A probe from the United Arab Emirates successfully reached Mars on Tuesday, earning the country a spot in a small group of spacefaring powers that have sent spacecraft to study the fourth planet from the Sun. The UAE hopes the mission will yield key discoveries on Martian weather patterns and catalyze a new science and technology sector as it looks to wean its economy from oil dependence.
Hope carried out an intricate and fully automatic maneuver called a Mars Orbit Insertion (MOI) on time at 10:30AM ET, mission engineers said. This maneuver slams the brakes on the spacecraft’s final leg of its journey, slowing Hope’s cruising speed of 75,000 mph down to 11,000 mph by firing all six of its Delta-V thrusters for 27 minutes. The deceleration allowed Hope to get swept up in a “capture orbit” around Mars, officially reaching the Red Planet.
Mission control didn’t have confirmation of a successful MOI burn until 11:14AM ET because of a 22-minute roundtrip communications delay through NASA’s Deep Space Network. Manual, real-time control is impossible, so Hope has been programmed to carry out these orbital dances on its own.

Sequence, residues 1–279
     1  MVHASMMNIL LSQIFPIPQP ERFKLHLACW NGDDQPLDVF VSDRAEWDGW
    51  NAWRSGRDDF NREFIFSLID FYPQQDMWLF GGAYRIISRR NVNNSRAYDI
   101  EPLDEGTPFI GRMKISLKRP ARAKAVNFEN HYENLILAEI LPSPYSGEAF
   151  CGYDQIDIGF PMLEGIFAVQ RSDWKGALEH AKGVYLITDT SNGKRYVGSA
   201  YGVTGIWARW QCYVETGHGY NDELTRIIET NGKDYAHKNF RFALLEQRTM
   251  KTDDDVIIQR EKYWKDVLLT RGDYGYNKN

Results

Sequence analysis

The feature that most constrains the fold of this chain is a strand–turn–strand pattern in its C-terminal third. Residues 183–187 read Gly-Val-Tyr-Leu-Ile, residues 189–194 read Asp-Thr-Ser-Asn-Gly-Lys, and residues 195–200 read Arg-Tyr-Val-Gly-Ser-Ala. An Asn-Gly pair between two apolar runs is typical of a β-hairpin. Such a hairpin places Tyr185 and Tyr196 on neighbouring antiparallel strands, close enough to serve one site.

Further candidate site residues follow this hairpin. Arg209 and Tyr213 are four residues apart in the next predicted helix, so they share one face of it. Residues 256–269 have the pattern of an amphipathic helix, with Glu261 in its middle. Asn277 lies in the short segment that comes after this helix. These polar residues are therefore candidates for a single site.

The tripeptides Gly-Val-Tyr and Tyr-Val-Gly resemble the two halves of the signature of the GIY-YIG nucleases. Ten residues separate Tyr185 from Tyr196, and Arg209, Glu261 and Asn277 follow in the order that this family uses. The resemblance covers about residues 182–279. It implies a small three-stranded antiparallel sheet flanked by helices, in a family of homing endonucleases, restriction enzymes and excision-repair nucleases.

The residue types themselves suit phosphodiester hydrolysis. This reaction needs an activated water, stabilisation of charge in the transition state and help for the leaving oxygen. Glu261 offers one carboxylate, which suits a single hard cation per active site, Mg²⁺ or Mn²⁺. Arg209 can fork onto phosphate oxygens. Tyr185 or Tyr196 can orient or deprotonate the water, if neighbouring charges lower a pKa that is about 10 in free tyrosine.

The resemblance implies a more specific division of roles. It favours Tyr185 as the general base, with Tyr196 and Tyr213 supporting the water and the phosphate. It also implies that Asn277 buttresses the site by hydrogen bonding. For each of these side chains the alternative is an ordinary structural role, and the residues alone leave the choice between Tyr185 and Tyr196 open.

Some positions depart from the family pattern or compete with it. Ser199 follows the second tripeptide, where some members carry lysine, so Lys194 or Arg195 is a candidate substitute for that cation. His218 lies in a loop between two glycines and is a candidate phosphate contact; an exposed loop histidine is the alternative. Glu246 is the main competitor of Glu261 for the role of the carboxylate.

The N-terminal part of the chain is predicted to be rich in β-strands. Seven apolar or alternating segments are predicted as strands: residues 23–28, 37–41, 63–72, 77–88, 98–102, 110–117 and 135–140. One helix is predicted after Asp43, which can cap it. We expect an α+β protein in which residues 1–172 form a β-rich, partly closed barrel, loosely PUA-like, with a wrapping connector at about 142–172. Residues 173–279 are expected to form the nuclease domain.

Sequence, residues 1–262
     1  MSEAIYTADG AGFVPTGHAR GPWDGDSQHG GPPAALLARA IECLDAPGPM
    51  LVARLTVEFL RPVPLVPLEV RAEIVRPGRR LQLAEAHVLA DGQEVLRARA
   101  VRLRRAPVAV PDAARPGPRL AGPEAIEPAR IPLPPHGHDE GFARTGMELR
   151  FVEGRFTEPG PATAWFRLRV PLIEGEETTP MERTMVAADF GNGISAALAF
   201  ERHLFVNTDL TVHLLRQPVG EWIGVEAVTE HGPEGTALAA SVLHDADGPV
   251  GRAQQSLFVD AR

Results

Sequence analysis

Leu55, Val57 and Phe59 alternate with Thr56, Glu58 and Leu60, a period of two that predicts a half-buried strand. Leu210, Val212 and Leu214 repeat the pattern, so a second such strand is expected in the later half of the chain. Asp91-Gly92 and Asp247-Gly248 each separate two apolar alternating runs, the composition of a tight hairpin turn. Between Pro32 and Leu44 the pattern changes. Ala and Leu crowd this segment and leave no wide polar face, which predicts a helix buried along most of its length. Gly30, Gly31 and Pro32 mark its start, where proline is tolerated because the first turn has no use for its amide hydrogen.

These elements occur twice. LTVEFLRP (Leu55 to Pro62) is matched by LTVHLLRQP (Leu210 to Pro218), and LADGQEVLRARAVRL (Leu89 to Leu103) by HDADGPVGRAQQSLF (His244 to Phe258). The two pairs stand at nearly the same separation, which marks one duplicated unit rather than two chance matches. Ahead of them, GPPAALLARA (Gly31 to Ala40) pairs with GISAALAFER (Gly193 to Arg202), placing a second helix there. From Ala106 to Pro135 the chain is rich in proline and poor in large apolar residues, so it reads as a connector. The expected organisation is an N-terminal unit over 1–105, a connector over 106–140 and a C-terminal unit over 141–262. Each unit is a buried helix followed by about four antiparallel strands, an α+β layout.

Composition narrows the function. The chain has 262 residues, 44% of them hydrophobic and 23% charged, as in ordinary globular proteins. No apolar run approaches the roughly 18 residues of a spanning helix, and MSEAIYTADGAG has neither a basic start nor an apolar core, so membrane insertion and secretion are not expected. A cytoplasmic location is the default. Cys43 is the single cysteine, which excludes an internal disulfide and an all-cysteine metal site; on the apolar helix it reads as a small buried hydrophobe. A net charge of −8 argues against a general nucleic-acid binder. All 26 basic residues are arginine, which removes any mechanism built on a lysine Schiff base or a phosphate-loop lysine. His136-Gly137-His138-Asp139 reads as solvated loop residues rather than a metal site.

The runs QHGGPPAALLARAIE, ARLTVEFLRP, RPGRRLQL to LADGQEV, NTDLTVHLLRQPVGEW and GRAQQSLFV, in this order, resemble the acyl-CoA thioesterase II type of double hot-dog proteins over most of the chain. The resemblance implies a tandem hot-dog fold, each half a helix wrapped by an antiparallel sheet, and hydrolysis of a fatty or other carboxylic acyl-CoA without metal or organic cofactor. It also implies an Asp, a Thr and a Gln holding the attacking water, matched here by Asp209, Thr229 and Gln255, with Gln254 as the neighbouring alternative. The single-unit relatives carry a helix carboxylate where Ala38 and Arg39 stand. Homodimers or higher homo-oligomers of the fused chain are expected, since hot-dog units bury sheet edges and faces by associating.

As expected, the Hope mission team briefly lost contact with the probe as it flew around the far side of Mars, cutting off radio signals for about 15 minutes.
For mission managers at the Mohammed Bin Rashid Space Center in Dubai, Hope’s arrival at Mars was a nerve-racking climax in the UAE’s first mission to deep space. The spacecraft traveled 300 million miles after launching from Japan’s Tanegashima Space Center last July, as Earth and Mars aligned in their orbits around the Sun. It’s also the first of three Mars spacecraft visiting the planet this month, with a Chinese spacecraft arriving tomorrow and NASA’s Perseverance rover following next week.
With a successful injection into Mars’ orbit, the spacecraft is on track to spend two years capturing global snapshots of the planet to better understand its atmosphere and weather changes.